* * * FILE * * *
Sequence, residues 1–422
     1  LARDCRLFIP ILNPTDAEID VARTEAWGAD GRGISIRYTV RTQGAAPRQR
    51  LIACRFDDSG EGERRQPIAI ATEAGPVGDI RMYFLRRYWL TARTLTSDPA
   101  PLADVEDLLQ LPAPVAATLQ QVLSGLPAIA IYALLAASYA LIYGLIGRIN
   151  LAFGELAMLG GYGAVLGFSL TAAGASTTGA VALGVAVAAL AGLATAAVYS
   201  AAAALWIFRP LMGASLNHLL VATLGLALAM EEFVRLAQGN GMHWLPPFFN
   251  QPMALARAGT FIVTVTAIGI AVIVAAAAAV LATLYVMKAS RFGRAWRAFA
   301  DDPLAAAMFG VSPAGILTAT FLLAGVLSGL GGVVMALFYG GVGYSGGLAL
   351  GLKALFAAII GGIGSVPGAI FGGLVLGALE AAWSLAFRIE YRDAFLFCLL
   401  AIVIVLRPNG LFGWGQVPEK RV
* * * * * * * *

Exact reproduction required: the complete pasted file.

Sequence, residues 1–422
     1  LARDCRLFIP ILNPTDAEID VARTEAWGAD GRGISIRYTV RTQGAAPRQR
    51  LIACRFDDSG EGERRQPIAI ATEAGPVGDI RMYFLRRYWL TARTLTSDPA
   101  PLADVEDLLQ LPAPVAATLQ QVLSGLPAIA IYALLAASYA LIYGLIGRIN
   151  LAFGELAMLG GYGAVLGFSL TAAGASTTGA VALGVAVAAL AGLATAAVYS
   201  AAAALWIFRP LMGASLNHLL VATLGLALAM EEFVRLAQGN GMHWLPPFFN
   251  QPMALARAGT FIVTVTAIGI AVIVAAAAAV LATLYVMKAS RFGRAWRAFA
   301  DDPLAAAMFG VSPAGILTAT FLLAGVLSGL GGVVMALFYG GVGYSGGLAL
   351  GLKALFAAII GGIGSVPGAI FGGLVLGALE AAWSLAFRIE YRDAFLFCLL
   401  AIVIVLRPNG LFGWGQVPEK RV